The Green Sheet Online Edition
February 23, 2015 • Issue 15:02:02
MCX braves upstream CurrentC launch
Three years after Merchant Customer Exchange (MCX) disclosed plans for a digital wallet, the CurrentC app is available for free download in Google Play and Apple iTunes stores.
Users in select launch zones can enter an invitation code and use the app at local stores and restaurants, while others can request to be notified when merchants in their areas are app-enabled.
MCX, a group of merchants including Target Corp., Wal-Mart Stores Inc., CVS Pharmacy, The Capital Grille, Exxon Mobil Corp., and other high-profile retail and hospitality brands, formed a coalition in 2012. Their charter was to simplify and expedite consumer checkout while alleviating merchant pain points associated with traditional credit card processing, such as interchange costs and early termination fees.
A detour around credit card rails
MCX Chief Executive Officer Dekkers Davidson spoke at the November 2014 Money2020 conference in Las Vegas. He described the coalition's vision of consolidating loyalty, coupons, rewards and favorite payment methods inside a mobile device, making payments easier for consumers and cost-effective for merchants.
CurrentC stores driver's license and Social Security numbers and bank account information in the cloud. Automated clearing house transactions directly debit consumer bank accounts, circumventing the costs of credit card transactions.
Following is the four-pronged value proposition set forth by Davidson and his team:
- Save money with stored coupons, personalized to match unique consumer preferences that are applied during the payment process.
- Earn rewards from participating merchants. Enrolled loyalty products are detected, applied and earned automatically during transactions.
- Simplify payments by choosing from an array of payment options, including personal checking accounts, merchant gift cards, and store-branded credit and debit accounts.
- Securitize the payment process, using tokenization and storing sensitive cardholder data in the CurrentC cloud vault rather than locally on mobile devices.
CurrentC wallet awaits consumer reviews
David True, Managing Director of Broadly Curious Advisors, described the mobile wallet concept as a "Jetson-like vision of the future" that may be susceptible to many of the same challenges as traditional physical wallets. He suggested individual retail apps might be a more efficient model for most consumers, who tend to patronize a few of their favorite merchants and don't need the encumbrance of a diversified digital wallet.
"It may be a digital wallet, but it could end up being another George Costanza wallet," True said, alluding to the popular comedian's riff on the unwieldy wallets stuffed with payment cards, receipts and loyalty products that many consumers carry.
Apple Pay, a formidable competitor
The strong reception received by Apple Pay after its October 2014 release was another factor influencing the CurrentC rollout. Years of research and development leading to the debut had been shrouded in secrecy while industry analysts speculated about technologies Apple would employ in its solution.
First Annapolis Consulting reported in February 2015 that 54 issuers representing 90 percent of total U.S. payment card volume support Apple Pay, and about 750 more banks and credit unions plan to follow suit. Additionally, vending machines, kiosks and parking meters have near-term plans to support Apple Pay.
To enable MCX to focus on CurrentC development, its merchants were initially restricted to the MCX digital wallet alternative. Media outlets reported on controversy among merchants, Apple Pay enthusiasts and MCX over this policy. However, growing consumer adoption of Apple Pay may persuade MCX member companies to include Apple Pay in their expanding mix of payment options.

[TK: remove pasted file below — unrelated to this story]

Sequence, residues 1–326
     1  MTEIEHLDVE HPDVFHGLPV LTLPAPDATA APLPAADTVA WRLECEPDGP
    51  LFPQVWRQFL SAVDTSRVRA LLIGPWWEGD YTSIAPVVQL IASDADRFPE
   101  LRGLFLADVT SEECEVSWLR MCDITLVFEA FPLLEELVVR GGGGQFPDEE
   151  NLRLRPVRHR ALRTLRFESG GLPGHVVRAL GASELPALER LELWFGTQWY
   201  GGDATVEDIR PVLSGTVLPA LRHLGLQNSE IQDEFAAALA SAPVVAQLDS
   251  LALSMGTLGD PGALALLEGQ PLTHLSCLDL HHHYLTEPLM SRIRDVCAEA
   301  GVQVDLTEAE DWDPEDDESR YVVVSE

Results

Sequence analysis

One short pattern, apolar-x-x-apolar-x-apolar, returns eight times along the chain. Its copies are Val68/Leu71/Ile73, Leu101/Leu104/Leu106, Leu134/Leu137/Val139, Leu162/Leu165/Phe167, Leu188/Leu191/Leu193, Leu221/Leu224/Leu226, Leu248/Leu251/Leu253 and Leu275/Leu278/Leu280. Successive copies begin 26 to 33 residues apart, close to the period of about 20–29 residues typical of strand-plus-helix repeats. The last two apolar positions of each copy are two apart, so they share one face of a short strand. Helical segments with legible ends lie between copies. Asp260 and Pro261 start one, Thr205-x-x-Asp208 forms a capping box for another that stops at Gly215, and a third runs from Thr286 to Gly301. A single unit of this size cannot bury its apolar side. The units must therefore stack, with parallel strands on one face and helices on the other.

Unlike Apple Pay, which relies on near field communication technology for the exchange of payment data between iPhones and POSs, CurrentC uses a dedicated app directly linked to consumer bank accounts, and quick response codes that are scanned at the POS.
True noted that Apple controls the iPhone ecosystem, a competitive advantage that results in an average of 1 to 2 seconds per payment transaction. By contrast, the CurrentC payment process took 40 seconds to complete in a recent demonstration, he said.
"It's difficult for Android systems to compete with Apple's ease of payments at the POS," True said, adding that in-app payments offer retailers of any size opportunities to engage with customers on showroom floors, selling and helping, and eliminating long, counterproductive checkout lines.
Technology companies have historically been damaged by premature announcements and unanticipated negative events, as in the recent example of Softcard, a mobile wallet company plagued by false starts, rebranding and layoffs.
Among the challenges of being an early mobile wallet, Softcard had to navigate a shifting regulatory landscape, competing interests of device manufacturers and mobile carriers, and slow merchant/consumer adoption cycles.
The dustup over MCX's apparent refusal to allow its merchants to accept Apple Pay did nothing to enhance CurrentC's brand image, which was further damaged by a reported security breach in late October 2014. At the time, MCX noted in a statement to the press that the app itself was not affected by the breach. Only email addresses were stolen, and many were "dummies" used by MCX during initial phases of testing and development.
MCX remains vigilant about protecting consumer privacy due, in part, to its affiliation with members like CVS that are involved in healthcare services. "MCX is bound by law to adhere to strict rules regarding the privacy of consumers' information," Davidson said. "Our compliance with this law is required by HIPAA.
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